by Neil Morris
Appearing on Dan Feuerstein’s Internet radio show, Feuerstein’s Fire, Davidson discussed a variety of topics related to the NASL and its ongoing attempt to obtain sanctioning as a D-2 soccer league from the U.S. Soccer Federation. However, he spent a large amount of the interview speaking about the departure of Selby Wellman, the RailHawks' former majority owner, and the recent sale of the club’s trademark on an eBay online auction.
Davidson said it was unfortunate that the Wellman family “just decided that they’d had enough,” and that Selby Wellman had “got tired and frustrated with the process…and [wanted] to retire.” Davidson said that litigation—presumably against Wellman—was considered.
“But,” Davidson asked rhetorically, “are we going to make real progress by continuing to spend legal money and sue people or are we going to be proactive and make things work?”
Davidson revealed that after Wellman informed the NASL that he did not wish to continue being an owner, Wellman and Traffic Sports USA worked to bring in another unnamed investor, but that did not materialize.
Instead, Davidson says Traffic will be starting a club "from scratch" in Carolina, and that Dr. Paul Singh (d/b/a Singh Holdings, Inc.), formerly a minority owner of the RailHawks, would remain an investor in the new Cary-based soccer club. Davidson stressed that Traffic did not “buy out” the RailHawks from Wellman: “He did not give us anything, nothing.”
According to Davidson, the decision to auction of the RailHawks’ trademark, brand, logo, domain name, and mascot via eBay was designed to create a transparent, arms-length transaction for legal purposes. He revealed that Traffic did, indeed, win the eBay auction for the RailHawks’ brand. However, that does not guarantee the new soccer club in Cary will retain that name.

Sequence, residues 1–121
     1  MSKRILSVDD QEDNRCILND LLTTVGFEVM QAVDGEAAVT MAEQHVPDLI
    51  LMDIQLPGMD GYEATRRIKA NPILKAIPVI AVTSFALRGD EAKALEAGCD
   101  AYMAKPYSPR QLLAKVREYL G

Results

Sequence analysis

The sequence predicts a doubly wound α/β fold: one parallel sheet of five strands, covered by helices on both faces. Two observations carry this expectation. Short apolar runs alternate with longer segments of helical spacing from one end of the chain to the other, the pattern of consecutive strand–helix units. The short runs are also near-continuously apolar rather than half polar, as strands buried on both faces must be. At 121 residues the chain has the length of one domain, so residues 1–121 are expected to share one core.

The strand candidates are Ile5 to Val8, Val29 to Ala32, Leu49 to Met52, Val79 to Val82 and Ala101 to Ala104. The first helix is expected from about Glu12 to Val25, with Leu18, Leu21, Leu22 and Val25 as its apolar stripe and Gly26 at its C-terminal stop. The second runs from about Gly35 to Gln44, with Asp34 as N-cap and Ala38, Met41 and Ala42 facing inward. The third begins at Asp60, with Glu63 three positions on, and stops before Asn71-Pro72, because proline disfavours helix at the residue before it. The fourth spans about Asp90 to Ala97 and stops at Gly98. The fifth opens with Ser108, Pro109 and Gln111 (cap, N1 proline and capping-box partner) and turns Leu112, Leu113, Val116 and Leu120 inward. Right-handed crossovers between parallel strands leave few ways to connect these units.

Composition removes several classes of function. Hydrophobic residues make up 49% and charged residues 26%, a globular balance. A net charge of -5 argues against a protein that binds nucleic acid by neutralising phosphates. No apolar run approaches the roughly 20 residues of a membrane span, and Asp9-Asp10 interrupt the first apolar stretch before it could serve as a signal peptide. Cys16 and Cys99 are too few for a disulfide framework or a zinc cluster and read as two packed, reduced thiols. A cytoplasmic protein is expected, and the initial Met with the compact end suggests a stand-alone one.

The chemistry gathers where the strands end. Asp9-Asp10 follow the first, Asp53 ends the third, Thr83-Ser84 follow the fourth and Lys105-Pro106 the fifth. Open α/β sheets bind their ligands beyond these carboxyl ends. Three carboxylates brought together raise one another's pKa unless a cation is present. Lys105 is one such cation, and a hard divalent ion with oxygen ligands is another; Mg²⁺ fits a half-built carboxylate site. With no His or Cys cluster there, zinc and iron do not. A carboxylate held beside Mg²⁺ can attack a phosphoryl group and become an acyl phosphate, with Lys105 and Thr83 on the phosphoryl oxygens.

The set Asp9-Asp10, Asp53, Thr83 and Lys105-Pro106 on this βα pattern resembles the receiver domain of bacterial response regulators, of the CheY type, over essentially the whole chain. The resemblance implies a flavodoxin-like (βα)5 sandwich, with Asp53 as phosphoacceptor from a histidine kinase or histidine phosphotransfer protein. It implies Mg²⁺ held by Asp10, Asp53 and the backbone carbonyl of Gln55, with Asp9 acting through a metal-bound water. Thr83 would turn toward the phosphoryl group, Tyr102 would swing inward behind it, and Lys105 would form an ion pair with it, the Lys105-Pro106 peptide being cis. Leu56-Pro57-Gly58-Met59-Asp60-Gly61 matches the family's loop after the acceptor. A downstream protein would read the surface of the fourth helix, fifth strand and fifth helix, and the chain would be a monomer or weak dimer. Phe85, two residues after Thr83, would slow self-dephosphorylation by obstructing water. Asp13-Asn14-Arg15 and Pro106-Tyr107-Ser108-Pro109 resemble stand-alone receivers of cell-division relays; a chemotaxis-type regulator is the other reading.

“The Wellmans and [their] lawyers are doing what they have to do, I guess,” said Davidson. “They’re protecting their interests and their legal rights and whatever claims they might have against them by creditors. And, if we get an agreement, we’ll play as the RailHawks. If we don’t, we have a couple of other options for names.”
Davidson said that the dissolution of the RailHawks and the entry of Traffic into the Cary market was not a problem per se affecting NASL’s attempt to obtain D-2 sanctioning. However, “it didn’t help us to have that gentleman, Selby Wellman—given the amount of time and money he’s put into the team and league—to pull out of the sport of soccer now.”
Click here to listen to Davidson's full interview: after the introductory commercial, fast-forward to around 19:00. There is still no word on when Davidson, representatives of Traffic or front office personnel for the new Cary-based soccer club will directly address the RailHawks’ Triangle-based fans or local media.